UNITED STATES. Penn Yan, New York. A 2015 video created by Huffington Post’s Jessica Samakow and Oliver Noble examines the messages that girls and women hear everyday about their bodies, emotions, and decisions throughout their lifetime. Those messages include:
- “you need to wax your eyebrows,”
- “don’t wear that to school, you’re gonna distract the boys,”
- “don’t be a slut,”
- “you’d be really pretty if you just made an effort,”
- “you must have been beautiful when you were younger.”
Expectations on women: a personal journey
In my late teens, I unexpectedly won a modeling contract (I didn’t know one was being offered) after participating in a local youth contest. I swiftly turned it down. I am more of a tomboy, preferring ripped jeans to Ralph Lauren. No one understood my decision, not my peers nor my parents. Isn’t it every girl’s dream to be thought of as beautiful?
I had something going for me I never considered an asset at the time: I was (still am) an introvert. The thought of walking a stage, with makeup on, wearing an outfit I wouldn’t be caught dead in was no dream I aspired to. Give me a quiet room with a good book-now that’s living the dream.
At least that’s what I told myself.
In my twenties, I faced a serious mental health crisis. I was an honor’s student in college, had no shortage of friends. I was engaged to be married. But this gnawing hole began to grow within me. Was I pretty enough? Was I smart enough? Was I good enough?
All pervasive, all-encompassing self-doubt. I broke off my engagement, turned down acceptance to graduate school, and succumbed to the chorus in my head… “Who do you think you are?”
Where did that confident 15-year-old retreat to, you know the one who scoffed at a modeling contract and went riding the trails on her dirt bike? Maybe she was skinning her knees and covering herself in dirt to scuff the panoptic gaze.
Pervasive body dissatisfaction
So much research has been done to examine women’s sense of self and its link to body image that it hardly matters which study one chooses. “Body dissatisfaction is a major source of suffering among women of all ages” asserts a 2017 study published in The Humanistic Psychologist. But this study goes on to look at a potential mitigating factor: self-compassion.
Boudoir photographer encourages self-love
29-year-old Paige Siwak lives in a small upstate New York town located on one of the beautiful Finger Lakes. She has two daughters, and in 2016, she said, enough was enough. “Society makes women feel like they need to be a certain weight or size to fit the standard of ‘beauty’,” Siwak said in an interview with Transcontinental Times. “I am here to change that. I want every woman to feel beautiful. No matter her size, color, or weight. I needed to help women feel this.”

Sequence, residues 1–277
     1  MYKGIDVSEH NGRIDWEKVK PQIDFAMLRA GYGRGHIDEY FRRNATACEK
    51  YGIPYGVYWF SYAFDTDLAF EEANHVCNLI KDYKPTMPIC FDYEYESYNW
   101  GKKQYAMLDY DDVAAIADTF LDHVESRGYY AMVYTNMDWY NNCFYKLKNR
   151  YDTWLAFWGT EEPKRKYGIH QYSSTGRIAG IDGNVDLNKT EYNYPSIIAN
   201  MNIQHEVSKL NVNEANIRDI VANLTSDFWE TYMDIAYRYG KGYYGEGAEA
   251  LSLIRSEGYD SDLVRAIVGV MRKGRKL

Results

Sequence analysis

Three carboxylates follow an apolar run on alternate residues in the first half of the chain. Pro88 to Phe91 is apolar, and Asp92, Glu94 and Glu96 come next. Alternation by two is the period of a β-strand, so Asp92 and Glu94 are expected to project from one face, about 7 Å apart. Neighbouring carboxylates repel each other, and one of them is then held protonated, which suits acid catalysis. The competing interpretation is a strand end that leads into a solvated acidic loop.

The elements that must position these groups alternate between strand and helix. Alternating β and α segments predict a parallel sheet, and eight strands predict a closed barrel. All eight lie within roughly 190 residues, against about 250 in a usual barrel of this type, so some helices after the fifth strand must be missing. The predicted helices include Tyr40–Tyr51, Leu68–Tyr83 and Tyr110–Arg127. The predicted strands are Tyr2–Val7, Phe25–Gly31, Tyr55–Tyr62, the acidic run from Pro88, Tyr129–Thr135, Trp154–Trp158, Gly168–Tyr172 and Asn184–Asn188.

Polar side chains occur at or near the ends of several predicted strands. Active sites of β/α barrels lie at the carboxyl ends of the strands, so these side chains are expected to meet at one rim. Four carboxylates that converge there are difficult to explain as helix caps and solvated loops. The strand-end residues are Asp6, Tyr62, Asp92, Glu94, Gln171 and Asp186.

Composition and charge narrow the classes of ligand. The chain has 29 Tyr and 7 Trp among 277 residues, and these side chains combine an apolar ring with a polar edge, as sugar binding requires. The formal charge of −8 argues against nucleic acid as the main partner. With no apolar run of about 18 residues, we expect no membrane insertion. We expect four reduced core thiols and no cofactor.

Siwak wasn’t content to take stunning photographs of women in nature or with a pleasing backdrop. She challenged women: less is more.
“Boudoir was something I was drawn to because of the experience of making women feel empowered. Confidence and self-love are something not many women have these days, and I want to change that.”
Promoting positive body image
At first glance, one might be ready criticize such images, suggesting that women sexualizing themselves only feeds the stereotype of women as sexual objects. But Siwak’s work, in fact, has the opposite effect on the women who choose to become her subjects. Here is just a sample of the thousands of comments from her hundreds of female Facebook followers:
- “I had to really build my confidence up for this. I’ve had 5 kids and my tummy is my weak spot. My soon to be ex-husband would tell me he’s not attracted to me because of it. Here’s to self-love.”
- “Thickaaa than a snickaaa; damn it gurlllll”
- “You go girl! Gorgeous! And courageous!”
- “I honestly cannot thank you enough for making me feel so gorgeous!! This was the best experience.”
By women, for women
“I start from before we even meet,” Siwak said. “I know this is a very vulnerable experience and 98% of my clients have never met me before coming in. I help choose outfits for their body type, and I make sure they are super comfortable. I talk to them like we are best friends. I pose them every step of the way. I am the biggest hype girl, telling them they are beautiful and just building them up the entire time.”
Siwak even has a professional hair stylist and make-up artist on her team.
“I hate the way society molds women to think only skinny is pretty, that you have to be a certain size or weight to be beautiful. I love giving women the experience to fall in love with their bodies just as they are,” she said.
At nearly 50 years old, with two kids in their teens, I have finally silenced those voices of self-doubt. Finding Paige’s “Babes” (as she affectionately calls the subjects in her “Babe Cave”) has given me and hundreds of women new lyrics of self-love and a reason to shatter those old broken records.